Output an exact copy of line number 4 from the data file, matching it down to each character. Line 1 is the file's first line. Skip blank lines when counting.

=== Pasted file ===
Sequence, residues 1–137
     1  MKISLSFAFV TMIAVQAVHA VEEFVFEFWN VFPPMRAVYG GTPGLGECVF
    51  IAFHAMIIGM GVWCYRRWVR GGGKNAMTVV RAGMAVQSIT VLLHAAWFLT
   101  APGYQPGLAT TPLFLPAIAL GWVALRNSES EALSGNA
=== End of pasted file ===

   101  APGYQPGLAT TPLFLPAIAL GWVALRNSES EALSGNA